Photo: Mark Habdas
Probability of observation
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Number of squares
Long-term BBS trends
Mean abundance by region
Bird Conservation Regions [plot]
Mean abundance by habitat [plot]
Characteristics and Range With flashing tail feathers and unmistakeable black-and-orange males or yellow-on-gray females, this active warbler adds splashes of delightful colour with its acrobatic aerial manoeuvres in the shadows of the mixed woods where it resides. A long-distance migrant, it breeds across the boreal and eastern biomes of North America, and in parts of the Great Basin and Rocky Mountains, and winters mainly in the Caribbean, coastal Mexico, Central America, and northern South America (Sherry and Holmes 1997).
Distribution, Abundance, and Habitat Breeding is widespread, primarily east of the Coast Mountains, but does occur in all terrestrial ecoprovinces. The general breeding distribution during the Atlas period had not changed greatly since The Birds of British Columbia was published in 2001, although the Atlas confirmed breeding to be more widespread in northern parts of the province, perhaps due to increased observer coverage.
The provincial centre of the American Redstart population remains on the plateaus dissected by abundant watercourses in the Sub-boreal Interior Ecoprovince (Campbell et al. 2001). This is where high values of Probability of Observation are most extensive, and abundance based on point counts is much higher. This centre of abundance spilled into the Rocky Mountain Trench and adjacent Peace River lowlands. Smaller patches of high Pobs values and moderate abundance are found in the Fort Nelson and Liard river lowlands of the Taiga Plains, and in the Northern Boreal Mountains along the Stikine River valley and its tributaries. American Redstarts breed across a wide altitudinal range, down to sea level on the coast and up to 2,250 m in the Southern Interior Mountains Ecoprovince. The highest abundance is in the 500-1,000 m elevation bracket and in the Sub-boreal Spruce, and secondarily in the Boreal White and Black Spruce and Interior Cedar-Hemlock biogeoclimatic zones.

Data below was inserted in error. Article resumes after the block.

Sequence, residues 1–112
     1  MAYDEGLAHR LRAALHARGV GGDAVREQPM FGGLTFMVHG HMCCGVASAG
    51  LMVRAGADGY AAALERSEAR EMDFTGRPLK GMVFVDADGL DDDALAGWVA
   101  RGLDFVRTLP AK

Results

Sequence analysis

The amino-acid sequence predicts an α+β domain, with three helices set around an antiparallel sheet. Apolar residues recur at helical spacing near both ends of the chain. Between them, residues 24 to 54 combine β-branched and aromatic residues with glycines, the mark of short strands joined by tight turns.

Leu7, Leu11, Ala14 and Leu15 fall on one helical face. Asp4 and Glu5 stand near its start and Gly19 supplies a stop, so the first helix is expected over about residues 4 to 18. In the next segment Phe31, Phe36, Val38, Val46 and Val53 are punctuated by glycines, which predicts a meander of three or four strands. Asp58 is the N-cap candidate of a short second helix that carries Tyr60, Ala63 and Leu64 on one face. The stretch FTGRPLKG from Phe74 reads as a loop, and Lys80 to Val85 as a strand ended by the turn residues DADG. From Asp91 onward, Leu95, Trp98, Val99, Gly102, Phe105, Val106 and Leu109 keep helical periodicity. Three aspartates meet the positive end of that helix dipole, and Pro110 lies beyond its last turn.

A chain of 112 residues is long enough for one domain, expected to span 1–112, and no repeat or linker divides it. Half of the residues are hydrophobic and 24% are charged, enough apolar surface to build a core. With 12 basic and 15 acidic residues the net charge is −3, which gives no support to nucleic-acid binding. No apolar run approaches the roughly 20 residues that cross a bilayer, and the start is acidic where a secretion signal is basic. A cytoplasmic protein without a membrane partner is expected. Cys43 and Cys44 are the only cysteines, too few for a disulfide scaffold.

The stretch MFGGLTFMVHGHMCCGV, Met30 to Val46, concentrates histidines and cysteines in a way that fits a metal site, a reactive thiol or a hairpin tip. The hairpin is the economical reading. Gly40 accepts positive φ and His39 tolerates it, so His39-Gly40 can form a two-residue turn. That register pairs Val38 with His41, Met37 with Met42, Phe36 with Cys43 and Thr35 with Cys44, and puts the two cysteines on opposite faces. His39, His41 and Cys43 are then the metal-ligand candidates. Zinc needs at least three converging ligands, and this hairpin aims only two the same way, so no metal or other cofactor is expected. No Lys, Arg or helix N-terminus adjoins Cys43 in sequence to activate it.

Habitats used in British Columbia Are complex. They are often mixed deciduous-coniferous forests but also include pure stands of Trembling Aspen (Populus tremuloides). Tall shrubs are an important component of all habitats, with willow (Salix) and alder (Alnus) species, Red-osier Dogwood (Cornus stolonifera), and Water Birch (Betula occidentalis) frequently observed. Association with water along streams or the margins of swamps and ponds is common.
Conservation and Recommendations While Canada's overall global responsibility for conservation of American Redstart is ranked highly, with 80% of the world's breeding population (Environment Canada 2011), the species is of low conservation priority in British Columbia, with a much smaller percentage of the global population. Maintenance of healthy and diverse riparian habitats is important to this warbler. Post-logging development of mixed second-growth habitats may benefit the species, but the harvesting of extensive aspen stands in some parts of the province may have detrimental results for this and other species.
Recommended citation: Howie, R. 2015. American Redstart in Davidson, P.J.A., R.J. Cannings, A.R. Couturier, D. Lepage, and C.M. Di Corrado (eds.). The Atlas of the Breeding Birds of British Columbia, 2008-2012. Bird Studies Canada. Delta, B.C. http://www.birdatlas.bc.ca/accounts/speciesaccount.jsp?sp=AMRE&lang=en [29 Feb 2024]
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